China Can’t Afford to Decouple from the West

Since former U.S. President Donald Trump launched his trade war against China in 2018, Chinese leaders have gone from mocking the idea that the world’s two biggest economies might decouple, to worrying about losing access to American technology, capital and markets, to thinking that China might be better off disengaging from its main rival on its own terms. They shouldn’t be too eager to sever economic ties to the West, however. The costs of decoupling are likely to be far greater than any possible benefit.

China’s fears about its dependence on the U.S. aren’t unwarranted. Indeed, the U.S. and its allies are also taking costly steps to lessen their reliance on mainland-based supply chains. For their part, Chinese authorities have undertaken an extensive security review of supply chains and launched initiatives to bolster food and energy security. Regulators are seeking better control over the vast troves of data held by Chinese technology companies, forcing one of the biggest, Didi Global Inc., to delist in the U.S. and transfer to Hong Kong, while effectively blocking others from listing on U.S. exchanges. China has launched a massive effort to build up its chipmaking capabilities and wean itself off Western suppliers.

At the same time, Chinese leaders should know far better than most the risks of self-isolation. Decades of inward-looking policies under Mao Zedong left tens of millions of Chinese dead and the country entrapped in poverty. Only after Deng Xiaoping introduced his liberalizing reforms in 1979 did the economy begin to take off. Severing ties forged over four decades of integration with the West will make an already slowing Chinese economy less, not more productive.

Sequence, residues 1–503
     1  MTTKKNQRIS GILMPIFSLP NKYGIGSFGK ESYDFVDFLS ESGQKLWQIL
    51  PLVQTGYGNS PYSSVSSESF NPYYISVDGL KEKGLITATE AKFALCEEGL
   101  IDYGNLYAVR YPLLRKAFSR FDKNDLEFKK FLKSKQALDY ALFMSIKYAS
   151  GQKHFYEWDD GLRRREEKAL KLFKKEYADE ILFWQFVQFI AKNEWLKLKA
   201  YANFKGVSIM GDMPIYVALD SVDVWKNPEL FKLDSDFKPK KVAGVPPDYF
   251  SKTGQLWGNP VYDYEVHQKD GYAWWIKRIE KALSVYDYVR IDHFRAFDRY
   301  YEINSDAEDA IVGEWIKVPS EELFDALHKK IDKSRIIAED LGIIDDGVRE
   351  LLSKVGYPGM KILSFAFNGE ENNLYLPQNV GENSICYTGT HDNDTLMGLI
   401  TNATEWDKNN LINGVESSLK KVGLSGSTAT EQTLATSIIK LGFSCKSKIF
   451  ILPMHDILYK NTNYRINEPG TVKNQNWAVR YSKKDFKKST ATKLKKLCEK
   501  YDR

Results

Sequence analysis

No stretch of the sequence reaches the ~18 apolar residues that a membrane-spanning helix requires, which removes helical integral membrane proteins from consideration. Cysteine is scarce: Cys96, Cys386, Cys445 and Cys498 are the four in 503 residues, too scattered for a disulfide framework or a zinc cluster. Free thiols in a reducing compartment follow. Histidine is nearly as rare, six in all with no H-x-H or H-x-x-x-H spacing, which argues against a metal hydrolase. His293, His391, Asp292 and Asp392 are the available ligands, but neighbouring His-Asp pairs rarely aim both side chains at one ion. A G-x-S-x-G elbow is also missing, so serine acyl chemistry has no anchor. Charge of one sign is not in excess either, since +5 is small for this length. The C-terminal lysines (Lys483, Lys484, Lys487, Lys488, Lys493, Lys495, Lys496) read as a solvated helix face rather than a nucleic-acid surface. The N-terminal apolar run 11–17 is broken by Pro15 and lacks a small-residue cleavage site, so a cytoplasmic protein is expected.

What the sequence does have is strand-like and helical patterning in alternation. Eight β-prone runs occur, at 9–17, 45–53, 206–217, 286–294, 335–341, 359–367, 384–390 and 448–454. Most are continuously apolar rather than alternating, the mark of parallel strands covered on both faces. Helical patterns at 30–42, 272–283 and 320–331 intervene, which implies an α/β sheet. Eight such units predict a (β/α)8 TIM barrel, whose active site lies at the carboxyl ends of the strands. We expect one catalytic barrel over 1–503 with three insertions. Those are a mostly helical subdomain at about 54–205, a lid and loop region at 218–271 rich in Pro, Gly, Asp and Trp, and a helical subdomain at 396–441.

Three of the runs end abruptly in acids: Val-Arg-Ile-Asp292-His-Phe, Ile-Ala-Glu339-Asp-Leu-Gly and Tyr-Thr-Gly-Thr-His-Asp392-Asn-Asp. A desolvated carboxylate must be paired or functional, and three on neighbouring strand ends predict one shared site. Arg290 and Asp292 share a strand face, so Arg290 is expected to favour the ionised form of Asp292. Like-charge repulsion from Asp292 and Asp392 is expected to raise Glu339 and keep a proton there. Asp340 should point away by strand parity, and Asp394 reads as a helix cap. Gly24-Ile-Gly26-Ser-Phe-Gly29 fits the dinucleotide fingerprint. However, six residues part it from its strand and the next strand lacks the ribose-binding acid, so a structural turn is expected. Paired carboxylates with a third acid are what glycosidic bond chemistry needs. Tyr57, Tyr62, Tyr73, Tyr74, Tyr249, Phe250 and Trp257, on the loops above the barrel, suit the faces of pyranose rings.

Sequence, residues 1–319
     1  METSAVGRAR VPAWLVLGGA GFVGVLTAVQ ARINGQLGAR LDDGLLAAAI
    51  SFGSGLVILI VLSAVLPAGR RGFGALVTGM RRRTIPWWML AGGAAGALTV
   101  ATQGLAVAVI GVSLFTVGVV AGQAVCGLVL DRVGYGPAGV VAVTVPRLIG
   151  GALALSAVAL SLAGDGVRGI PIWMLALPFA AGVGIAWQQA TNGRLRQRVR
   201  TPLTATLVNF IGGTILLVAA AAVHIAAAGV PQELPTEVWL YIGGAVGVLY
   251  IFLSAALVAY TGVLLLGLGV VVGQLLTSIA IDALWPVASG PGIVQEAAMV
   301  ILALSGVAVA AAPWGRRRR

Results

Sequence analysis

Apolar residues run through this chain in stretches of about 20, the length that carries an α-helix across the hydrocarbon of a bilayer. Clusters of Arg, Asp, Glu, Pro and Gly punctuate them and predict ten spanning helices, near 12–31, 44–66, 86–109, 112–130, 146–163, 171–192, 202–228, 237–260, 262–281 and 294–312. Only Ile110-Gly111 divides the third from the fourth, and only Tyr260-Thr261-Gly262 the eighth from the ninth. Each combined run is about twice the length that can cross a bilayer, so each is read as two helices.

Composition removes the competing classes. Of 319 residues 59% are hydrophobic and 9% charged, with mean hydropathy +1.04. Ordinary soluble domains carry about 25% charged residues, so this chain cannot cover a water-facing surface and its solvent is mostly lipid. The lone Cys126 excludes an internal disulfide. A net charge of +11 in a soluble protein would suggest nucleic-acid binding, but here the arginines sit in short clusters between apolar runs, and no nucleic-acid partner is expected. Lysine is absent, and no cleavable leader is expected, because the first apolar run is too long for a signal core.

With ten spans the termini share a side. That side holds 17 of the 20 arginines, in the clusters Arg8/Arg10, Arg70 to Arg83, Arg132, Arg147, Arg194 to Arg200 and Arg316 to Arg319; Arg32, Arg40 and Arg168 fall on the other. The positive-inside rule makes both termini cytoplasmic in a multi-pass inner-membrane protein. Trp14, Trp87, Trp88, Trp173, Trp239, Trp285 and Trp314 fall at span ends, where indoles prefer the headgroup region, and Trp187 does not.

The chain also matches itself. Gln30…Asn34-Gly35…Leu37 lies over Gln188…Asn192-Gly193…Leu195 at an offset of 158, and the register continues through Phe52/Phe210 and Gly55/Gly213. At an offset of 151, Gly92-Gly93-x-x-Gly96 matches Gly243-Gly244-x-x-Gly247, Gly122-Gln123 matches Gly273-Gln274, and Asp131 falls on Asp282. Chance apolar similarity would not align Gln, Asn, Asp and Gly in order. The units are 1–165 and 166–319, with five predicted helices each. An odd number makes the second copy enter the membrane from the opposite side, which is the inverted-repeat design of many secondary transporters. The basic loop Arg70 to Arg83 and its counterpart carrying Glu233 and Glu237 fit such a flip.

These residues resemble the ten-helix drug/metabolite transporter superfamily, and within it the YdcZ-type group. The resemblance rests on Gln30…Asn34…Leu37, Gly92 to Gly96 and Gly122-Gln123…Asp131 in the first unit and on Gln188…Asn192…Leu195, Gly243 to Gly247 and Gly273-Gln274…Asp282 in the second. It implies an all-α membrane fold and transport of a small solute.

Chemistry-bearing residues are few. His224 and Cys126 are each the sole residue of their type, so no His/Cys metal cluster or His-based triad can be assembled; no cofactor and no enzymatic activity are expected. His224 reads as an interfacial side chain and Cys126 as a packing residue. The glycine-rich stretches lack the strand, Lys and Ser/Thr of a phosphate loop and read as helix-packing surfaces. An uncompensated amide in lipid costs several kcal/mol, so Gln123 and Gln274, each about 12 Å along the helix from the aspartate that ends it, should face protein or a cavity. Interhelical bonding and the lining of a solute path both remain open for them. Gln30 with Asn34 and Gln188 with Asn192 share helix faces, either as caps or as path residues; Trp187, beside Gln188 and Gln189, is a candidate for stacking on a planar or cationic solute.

Nor is there much reason to think China can succeed in its aim of achieving self-sufficiency by fiat. While the country’s technological capabilities have grown immensely over the years, the government can hardly take credit. Years of massive investments have not paid off. One academic study estimates that China spent 550 billion yuan ($88 billion) supporting various industrial projects between 2006 and 2013 yet produced only 145 billion yuan in net profits for domestic firms and 230 billion yuan in export gains. In other words, China’s industrial policy during this period generated a net loss of 175 billion yuan ($28 billion).

Beijing has also greatly underestimated the challenge of establishing a sanctions-proof chipmaking industry. The foundation of global technology supply chains is specialization. Individual players — companies in different countries — acquire unique capabilities, enabling them to focus on a particular technology and constantly innovate. No single country or company can dominate or monopolize the entire supply chain.

According to the Semiconductor Industry Association, there are more than 30 types of specialized semiconductor product categories. Making a chip requires as many as 300 different inputs, which are in turn processed by more than 50 types of specialized equipment. Even the U.S., the industry leader, is incapable of building a completely indigenous semiconductor supply chain. While China reportedly is planning to spend $1.4 trillion over the next five years pursuing that goal, the odds of success are slim.

China’s efforts to reduce its reliance on food imports, which reached $108 billion in 2020, seem similarly destined to fail. Because about a quarter of the country’s food imports come from the U.S., Chinese leaders fear Washington could impose an embargo in any future confrontation, as it did after the Soviet Union invaded Afghanistan in 1979.

The costs of eliminating that dependence are likely unsustainable. To take just one example, according to the U.S. Department of Agriculture, the per hectare yield for soybean farms in China’s Heilongjiang province is a third lower than in the American Midwest, while the cost of producing a metric ton of soybeans in China is more than twice that in the U.S. Given that U.S. soybeans alone account for roughly 11% of China’s overall food imports, replacing them with domestic supplies would be prohibitively expensive.

Caught in an open-ended rivalry with the U.S., Chinese leaders have limited options for addressing their economic vulnerabilities. Trading economic efficiency for security is unlikely to pay off, while seeking a rapprochement with the U.S. is impossible amid intense and growing mutual hostility. Ultimately, China is going to have to live with some degree of risk — and do all it can to prevent tensions with the West from spiraling out of control.

Author: Minxin Pei, Bloomberg

You might also like